More on the psychological origins of political beliefs:
“Other research has found that liberals tend to see moral issues in terms of individual suffering or unfairness, whereas conservatives have more group-level concerns, such as loyalty, patriotism and respect for authority and tradition. Across dozens of countries, liberals are more morally offended by the idea of kicking a dog or cheating at cards than by ideas of betraying their family, cursing their parents, or doing harmless-yet-disgusting things like urinating in public. Conservatives find all of these equally repugnant.”
The split over same-sex unions is more than ideological. It has deep moral and psychological roots
SO NOW we know: US president Barack Obama is in favour of same-sex marriage. After evading the question for months, he finally made his position clear in a TV interview. “For me personally, it is important for me to go ahead and affirm that I think same-sex couples should be able to get married,” he told ABC. The battle lines are thus drawn over what is sure to be an explosive issue in the US election.
Proponents of gay marriage in the US could take a few pointers from the British prime minister, David Cameron. Last September, he famously addressed the Conservative party conference with a plan to legalise gay marriage before 2015. “Yes, it’s about equality,” he said, “but it’s also about something else: commitment. Conservatives believe in the ties that bind us… So I don’t support gay marriage despite being a Conservative. I support gay marriage because I’m a Conservative.”
Cameron’s take on the issue is unusual. Supporters of gay marriage usually argue from a liberal perspective. They see the ability to marry as a basic civil and human right, and are deeply disturbed by injustice done in the name of morality. Conservatives see the issue through a different moral lens. Over 70 per cent of US conservatives still oppose gay marriage, often citing the affront to social stability, tradition and the sanctity of marriage between a man and a woman.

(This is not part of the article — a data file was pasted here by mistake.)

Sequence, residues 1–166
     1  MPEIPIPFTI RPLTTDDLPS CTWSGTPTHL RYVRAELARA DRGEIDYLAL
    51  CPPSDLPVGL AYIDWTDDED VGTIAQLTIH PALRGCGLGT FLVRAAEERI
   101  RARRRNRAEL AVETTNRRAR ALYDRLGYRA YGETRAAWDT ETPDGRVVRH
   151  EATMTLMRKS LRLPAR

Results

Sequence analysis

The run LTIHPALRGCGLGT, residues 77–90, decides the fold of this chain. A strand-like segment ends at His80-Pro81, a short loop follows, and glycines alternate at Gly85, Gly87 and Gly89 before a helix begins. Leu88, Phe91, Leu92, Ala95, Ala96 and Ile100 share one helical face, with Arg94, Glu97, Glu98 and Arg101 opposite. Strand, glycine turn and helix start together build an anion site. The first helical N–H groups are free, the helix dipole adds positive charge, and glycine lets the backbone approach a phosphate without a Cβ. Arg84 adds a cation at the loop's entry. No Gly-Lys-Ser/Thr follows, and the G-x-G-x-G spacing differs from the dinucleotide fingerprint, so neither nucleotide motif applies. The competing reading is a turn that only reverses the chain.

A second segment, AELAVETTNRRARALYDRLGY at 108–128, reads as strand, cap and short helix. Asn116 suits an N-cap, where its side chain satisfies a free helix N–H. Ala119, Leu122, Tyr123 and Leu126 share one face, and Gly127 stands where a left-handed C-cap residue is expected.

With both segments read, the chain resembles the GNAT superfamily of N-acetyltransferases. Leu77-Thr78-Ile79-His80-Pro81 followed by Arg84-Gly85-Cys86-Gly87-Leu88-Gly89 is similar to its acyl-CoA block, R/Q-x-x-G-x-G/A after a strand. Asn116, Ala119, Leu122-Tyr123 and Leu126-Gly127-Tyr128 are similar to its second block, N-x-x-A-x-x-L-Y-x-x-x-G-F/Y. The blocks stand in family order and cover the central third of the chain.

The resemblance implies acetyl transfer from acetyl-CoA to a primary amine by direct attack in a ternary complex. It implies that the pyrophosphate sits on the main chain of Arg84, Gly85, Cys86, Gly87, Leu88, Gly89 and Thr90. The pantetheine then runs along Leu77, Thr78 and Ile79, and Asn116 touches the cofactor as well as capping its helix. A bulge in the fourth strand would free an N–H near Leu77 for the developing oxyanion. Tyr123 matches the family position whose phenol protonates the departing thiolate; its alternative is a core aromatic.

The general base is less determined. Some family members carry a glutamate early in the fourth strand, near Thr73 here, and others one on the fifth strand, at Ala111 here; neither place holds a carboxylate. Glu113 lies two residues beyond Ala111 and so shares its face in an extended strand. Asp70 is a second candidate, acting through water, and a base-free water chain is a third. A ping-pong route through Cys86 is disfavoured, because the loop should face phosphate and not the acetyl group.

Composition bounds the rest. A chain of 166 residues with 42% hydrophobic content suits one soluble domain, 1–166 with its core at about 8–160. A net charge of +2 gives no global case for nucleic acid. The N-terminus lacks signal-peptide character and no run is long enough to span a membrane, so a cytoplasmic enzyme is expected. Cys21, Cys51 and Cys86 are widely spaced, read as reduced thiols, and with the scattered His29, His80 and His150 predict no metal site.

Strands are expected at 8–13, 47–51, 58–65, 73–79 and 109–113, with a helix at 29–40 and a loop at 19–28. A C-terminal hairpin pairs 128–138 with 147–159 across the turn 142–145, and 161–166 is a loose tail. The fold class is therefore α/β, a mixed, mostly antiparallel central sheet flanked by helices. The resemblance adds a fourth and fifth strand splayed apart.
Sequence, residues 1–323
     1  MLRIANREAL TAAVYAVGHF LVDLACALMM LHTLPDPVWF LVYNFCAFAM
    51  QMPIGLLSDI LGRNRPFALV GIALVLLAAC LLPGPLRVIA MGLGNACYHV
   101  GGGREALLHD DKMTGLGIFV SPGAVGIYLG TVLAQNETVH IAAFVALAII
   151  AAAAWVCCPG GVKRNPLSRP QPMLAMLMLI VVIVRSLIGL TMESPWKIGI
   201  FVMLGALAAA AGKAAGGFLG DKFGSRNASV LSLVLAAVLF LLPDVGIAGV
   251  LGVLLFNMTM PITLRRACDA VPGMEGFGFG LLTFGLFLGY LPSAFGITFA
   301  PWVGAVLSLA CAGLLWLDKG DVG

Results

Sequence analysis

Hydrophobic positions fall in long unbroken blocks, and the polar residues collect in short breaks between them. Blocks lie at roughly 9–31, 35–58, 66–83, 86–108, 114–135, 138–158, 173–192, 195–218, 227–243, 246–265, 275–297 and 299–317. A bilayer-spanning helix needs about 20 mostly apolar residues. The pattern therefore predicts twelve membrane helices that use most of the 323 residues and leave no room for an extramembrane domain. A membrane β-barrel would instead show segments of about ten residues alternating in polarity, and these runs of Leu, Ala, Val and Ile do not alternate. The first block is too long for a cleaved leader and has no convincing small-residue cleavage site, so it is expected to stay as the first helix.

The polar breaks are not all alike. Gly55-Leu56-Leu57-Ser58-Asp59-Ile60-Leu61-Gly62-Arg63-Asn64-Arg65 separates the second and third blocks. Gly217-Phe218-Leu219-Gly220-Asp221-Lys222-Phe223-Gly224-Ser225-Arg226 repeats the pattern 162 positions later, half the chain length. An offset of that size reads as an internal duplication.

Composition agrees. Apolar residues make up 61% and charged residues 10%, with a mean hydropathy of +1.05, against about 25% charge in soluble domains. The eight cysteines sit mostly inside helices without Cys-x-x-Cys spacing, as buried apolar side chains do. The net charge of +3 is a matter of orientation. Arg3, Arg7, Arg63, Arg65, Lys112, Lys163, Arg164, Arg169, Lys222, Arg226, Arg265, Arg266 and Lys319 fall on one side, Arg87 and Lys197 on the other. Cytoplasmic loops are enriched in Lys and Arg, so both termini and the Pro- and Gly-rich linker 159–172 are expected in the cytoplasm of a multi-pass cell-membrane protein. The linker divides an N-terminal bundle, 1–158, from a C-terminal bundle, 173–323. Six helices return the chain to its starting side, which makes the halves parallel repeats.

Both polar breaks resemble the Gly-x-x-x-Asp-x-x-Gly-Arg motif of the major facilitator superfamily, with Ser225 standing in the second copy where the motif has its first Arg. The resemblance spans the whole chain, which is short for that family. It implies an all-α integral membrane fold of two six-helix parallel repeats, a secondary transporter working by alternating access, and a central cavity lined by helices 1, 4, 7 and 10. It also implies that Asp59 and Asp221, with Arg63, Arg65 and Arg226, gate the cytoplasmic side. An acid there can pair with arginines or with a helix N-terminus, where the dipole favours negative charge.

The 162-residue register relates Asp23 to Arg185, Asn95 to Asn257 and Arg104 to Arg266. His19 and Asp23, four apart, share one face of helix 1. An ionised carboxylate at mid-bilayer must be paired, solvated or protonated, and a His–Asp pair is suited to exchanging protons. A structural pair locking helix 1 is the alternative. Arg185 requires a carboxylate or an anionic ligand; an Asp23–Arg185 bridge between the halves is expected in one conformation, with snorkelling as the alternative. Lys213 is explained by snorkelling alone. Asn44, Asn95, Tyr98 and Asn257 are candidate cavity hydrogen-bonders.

Like abortion, gay marriage is one of those hot-button issues in the culture war between liberals and conservatives. Why do people disagree so fundamentally, and why are they so convinced morality is on their side?
Over the past few years, psychological research has begun to offer answers to this question, and a surprising number of them boil down to disgust.
In 2008, a team led by Simone Schnall of the University of Plymouth, UK, found that inducing feelings of disgust – by a flatulent smell, dirty surroundings or a movie clip of a filthy toilet – increased the severity of people’s judgements about a range of morally suspect actions, from pilfering cash from a found wallet to eating a dead dog (Personality and Social Psychology Bulletin, vol 34, p 1096).
This effect has since been confirmed and extended. A group led by Kendall Eskine at the City University of New York found that the effects of disgust on moral judgements were particularly strong for those on the political right (Psychological Science, vol 22, p 295). And several studies led by Yoel Inbar of Tilburg University in the Netherlands have found that conservatives are more easily disgusted (Cognition & Emotion, vol 23, p 714).